Friday, October 10, 2008

Poetic Justice

So I went to Manchester yesterday, but I’m not sure if it was because of the early start or something else but by the time I got home I felt so sick that I immediately had to take some anti-nausea medication and some pain killers. The day itself wasn’t stressful or difficult, but by the end of it I just felt terrible. Fortunately I live really close to someone else who had been there and we got a taxi together back from the airport which meant I got home quite speedily but by then my hands were sweating and all I could think about was finding someway not to feel so awful. After taking various bits of medication and not doing a lot for a couple of hours I felt better and G came over anyway and cooked some dinner and made us both lunch for today, so I didn’t really have to do anything.

On the flight on the way home I was reading The Times, which incidentally I think has had some really good reporting on the current financial crisis, and I was amused by a letter which said:

“Sir, With the banks coming cap in hand to the taxpayer, shouldn’t we impose monthly penalty charges for administering an overdraft facility?”

Oh, wouldn’t that be poetic justice.

On an entirely different note, this year is 90 years since the end of the First World War. I have been reading a couple books connected to the First World War of late, most notably Testament of Youth by Vera Brittain. Anyway, the Royal British legion will be doing something extra to the selling of poppies this year. You can fill out a dedication to appear on a poppy, which will be ‘planted’ at the Menin Gate in Flanders. I actually have a form that arrived via the post (which has the poppy in it so I can write the message myself) and whilst part of the purpose of the appeal is to honour the dead, it is also a way by which to raise money for current veterans. Whilst there is no obligation to give money, if you did make a tribute then you might want to consider a donation as well. I actually have no particular connection with the armed forces, but I am just sometimes reminded that we have many privileges as a result of the sacrifices of the generations that preceded us.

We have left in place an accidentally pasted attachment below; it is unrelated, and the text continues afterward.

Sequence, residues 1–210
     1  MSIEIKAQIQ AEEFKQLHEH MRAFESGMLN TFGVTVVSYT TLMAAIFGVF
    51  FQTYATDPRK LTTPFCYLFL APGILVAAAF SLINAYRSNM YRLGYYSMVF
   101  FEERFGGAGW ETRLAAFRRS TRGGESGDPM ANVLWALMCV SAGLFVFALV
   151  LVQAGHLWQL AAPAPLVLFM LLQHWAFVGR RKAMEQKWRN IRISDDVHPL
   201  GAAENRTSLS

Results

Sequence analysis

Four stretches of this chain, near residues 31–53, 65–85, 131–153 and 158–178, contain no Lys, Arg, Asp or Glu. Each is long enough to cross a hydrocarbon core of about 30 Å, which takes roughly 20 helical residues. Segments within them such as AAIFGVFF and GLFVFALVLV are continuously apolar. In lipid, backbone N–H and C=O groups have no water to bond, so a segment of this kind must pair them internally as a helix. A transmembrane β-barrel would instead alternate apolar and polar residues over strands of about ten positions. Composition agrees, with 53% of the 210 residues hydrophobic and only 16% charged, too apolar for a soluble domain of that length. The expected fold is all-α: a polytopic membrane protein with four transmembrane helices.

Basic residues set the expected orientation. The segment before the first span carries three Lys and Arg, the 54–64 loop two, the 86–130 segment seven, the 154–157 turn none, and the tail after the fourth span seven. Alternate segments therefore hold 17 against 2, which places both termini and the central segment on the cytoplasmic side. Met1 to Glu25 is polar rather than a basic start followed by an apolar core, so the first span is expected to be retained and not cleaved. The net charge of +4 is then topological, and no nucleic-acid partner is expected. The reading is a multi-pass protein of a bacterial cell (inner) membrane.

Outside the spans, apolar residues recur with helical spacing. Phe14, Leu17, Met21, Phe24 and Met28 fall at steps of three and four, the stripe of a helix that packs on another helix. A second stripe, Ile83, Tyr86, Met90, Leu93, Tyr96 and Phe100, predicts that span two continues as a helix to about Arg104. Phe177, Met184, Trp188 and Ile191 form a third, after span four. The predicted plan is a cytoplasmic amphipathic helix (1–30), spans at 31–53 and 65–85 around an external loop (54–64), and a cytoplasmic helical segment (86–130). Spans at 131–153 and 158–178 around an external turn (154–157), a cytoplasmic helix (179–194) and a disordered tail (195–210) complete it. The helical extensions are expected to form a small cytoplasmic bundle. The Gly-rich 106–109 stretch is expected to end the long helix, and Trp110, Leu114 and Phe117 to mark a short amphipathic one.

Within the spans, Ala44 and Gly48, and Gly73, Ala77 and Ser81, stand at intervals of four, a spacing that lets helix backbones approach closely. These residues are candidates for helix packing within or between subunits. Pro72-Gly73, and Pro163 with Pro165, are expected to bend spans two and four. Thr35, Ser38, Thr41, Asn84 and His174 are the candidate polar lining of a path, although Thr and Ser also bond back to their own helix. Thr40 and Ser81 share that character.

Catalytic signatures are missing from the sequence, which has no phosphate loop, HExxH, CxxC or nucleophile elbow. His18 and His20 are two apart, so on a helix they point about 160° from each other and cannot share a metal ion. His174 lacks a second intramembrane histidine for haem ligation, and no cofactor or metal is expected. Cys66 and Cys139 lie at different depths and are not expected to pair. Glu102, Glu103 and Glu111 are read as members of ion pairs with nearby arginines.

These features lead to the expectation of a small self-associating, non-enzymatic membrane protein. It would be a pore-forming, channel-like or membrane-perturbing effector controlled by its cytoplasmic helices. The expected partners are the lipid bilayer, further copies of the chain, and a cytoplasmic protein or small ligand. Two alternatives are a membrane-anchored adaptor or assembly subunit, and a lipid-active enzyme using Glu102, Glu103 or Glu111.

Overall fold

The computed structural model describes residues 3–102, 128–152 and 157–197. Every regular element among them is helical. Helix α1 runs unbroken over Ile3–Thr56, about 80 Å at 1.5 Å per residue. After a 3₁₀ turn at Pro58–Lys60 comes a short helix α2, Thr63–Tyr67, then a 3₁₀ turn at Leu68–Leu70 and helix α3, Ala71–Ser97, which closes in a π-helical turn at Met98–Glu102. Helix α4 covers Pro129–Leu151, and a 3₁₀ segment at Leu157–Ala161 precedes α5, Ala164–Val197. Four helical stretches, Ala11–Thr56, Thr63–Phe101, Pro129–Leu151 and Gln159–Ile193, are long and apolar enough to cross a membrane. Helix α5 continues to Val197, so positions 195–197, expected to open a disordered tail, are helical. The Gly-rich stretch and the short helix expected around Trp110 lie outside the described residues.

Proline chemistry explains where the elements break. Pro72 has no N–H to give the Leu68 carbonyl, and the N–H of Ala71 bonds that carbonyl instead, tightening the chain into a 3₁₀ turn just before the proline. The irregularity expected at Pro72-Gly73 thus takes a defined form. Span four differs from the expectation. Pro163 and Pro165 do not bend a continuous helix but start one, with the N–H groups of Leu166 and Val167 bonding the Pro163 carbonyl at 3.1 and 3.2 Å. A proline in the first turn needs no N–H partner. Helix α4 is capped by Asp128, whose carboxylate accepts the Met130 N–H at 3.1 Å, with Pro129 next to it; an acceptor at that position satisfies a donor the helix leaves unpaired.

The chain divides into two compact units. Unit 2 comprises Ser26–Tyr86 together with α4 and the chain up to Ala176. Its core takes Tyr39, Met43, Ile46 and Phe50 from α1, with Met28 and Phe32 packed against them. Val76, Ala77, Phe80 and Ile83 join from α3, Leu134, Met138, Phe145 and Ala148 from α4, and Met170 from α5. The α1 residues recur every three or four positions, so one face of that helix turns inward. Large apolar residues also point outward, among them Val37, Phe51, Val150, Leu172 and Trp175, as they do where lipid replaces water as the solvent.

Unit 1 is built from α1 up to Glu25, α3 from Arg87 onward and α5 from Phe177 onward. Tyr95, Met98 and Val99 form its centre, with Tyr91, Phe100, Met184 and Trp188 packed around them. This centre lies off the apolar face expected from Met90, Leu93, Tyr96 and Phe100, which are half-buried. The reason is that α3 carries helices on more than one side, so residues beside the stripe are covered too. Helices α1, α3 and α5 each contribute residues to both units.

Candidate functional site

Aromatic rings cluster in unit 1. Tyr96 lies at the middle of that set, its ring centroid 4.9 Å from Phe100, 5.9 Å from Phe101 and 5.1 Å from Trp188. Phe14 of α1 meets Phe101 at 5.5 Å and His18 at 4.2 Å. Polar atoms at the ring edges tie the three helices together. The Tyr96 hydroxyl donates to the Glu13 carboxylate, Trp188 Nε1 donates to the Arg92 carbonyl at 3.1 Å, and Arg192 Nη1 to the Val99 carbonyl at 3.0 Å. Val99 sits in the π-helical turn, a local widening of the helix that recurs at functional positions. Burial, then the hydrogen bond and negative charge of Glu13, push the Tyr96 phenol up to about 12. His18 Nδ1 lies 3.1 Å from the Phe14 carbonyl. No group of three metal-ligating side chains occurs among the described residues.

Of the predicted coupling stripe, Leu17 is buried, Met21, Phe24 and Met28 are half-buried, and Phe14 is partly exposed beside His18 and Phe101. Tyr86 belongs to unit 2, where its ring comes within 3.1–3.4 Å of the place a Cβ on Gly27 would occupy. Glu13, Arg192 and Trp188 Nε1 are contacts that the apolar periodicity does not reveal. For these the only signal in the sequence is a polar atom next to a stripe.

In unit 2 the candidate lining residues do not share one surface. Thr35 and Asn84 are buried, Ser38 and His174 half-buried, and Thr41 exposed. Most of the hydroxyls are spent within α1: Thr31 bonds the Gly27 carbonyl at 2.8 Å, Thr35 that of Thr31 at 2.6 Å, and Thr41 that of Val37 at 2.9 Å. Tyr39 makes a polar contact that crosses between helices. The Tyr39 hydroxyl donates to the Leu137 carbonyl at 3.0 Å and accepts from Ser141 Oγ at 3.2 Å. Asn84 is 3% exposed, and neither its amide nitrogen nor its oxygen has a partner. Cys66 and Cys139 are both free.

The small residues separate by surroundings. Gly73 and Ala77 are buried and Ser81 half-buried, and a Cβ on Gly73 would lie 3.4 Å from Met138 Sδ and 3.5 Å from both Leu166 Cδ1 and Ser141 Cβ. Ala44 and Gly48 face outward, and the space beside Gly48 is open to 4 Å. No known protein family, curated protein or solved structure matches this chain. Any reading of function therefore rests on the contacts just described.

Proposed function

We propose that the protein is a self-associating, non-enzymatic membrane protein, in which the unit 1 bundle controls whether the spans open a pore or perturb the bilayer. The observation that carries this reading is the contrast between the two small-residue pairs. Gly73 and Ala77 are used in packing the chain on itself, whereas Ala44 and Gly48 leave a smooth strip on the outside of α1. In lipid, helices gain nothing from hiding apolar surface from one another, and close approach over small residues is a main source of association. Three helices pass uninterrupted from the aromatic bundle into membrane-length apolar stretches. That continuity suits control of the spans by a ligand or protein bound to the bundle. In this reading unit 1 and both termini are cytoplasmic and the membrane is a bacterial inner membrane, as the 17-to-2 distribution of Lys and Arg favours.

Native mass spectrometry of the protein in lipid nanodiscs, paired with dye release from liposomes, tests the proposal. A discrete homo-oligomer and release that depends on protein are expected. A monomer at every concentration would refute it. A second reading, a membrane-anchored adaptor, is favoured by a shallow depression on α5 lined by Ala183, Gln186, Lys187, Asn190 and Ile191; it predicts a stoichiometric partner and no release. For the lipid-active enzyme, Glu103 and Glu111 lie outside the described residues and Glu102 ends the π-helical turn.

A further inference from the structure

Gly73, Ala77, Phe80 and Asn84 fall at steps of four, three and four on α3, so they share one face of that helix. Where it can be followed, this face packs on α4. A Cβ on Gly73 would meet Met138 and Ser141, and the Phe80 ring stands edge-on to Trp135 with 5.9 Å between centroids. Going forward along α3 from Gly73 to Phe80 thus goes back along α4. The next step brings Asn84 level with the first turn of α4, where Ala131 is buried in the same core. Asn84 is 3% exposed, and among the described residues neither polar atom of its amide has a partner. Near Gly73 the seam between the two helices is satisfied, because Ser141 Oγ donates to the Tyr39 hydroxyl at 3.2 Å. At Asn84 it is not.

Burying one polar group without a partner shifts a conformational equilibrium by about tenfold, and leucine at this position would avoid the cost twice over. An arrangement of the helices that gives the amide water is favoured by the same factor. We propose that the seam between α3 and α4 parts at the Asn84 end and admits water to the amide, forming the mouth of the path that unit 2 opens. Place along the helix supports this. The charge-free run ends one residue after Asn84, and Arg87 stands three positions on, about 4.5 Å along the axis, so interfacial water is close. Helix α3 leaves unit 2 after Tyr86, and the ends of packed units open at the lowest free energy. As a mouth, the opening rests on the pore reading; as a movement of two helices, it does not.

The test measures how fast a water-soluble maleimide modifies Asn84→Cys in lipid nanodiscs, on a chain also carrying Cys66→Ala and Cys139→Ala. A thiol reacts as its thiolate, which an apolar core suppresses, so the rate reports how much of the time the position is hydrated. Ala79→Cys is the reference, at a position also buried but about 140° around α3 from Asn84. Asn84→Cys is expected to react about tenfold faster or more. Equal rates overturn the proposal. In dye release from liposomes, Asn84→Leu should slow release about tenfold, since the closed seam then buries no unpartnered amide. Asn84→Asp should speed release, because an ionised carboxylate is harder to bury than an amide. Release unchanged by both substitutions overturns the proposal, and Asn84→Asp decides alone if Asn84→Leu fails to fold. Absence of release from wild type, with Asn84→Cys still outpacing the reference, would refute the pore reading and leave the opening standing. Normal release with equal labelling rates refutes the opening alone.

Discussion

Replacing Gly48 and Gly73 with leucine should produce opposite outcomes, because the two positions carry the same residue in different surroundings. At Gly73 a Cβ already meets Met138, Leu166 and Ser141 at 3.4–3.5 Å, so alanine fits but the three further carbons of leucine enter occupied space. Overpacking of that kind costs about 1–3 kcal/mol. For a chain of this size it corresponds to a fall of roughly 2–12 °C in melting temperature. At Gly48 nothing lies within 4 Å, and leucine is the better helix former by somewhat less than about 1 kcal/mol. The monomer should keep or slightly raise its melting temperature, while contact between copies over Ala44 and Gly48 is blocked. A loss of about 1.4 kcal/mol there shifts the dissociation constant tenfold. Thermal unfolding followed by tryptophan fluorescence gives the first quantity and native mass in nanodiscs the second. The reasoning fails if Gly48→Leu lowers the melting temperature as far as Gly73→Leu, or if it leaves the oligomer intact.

Kahless said...

I must do that.

My grandfather served in WW1 (he went to Gallipoli) and whilst he didnt die in the war, I should honour his comarades who fell.

Random Reflections said...

kahless - oh yes, do! Gallipoli must have been quite an ordeal for your grandfather. I think honouring those who survived, as well as those who died is fine. They could all have made the ultimate sacrifice - and the money raised is for those who survived or the families of those who died.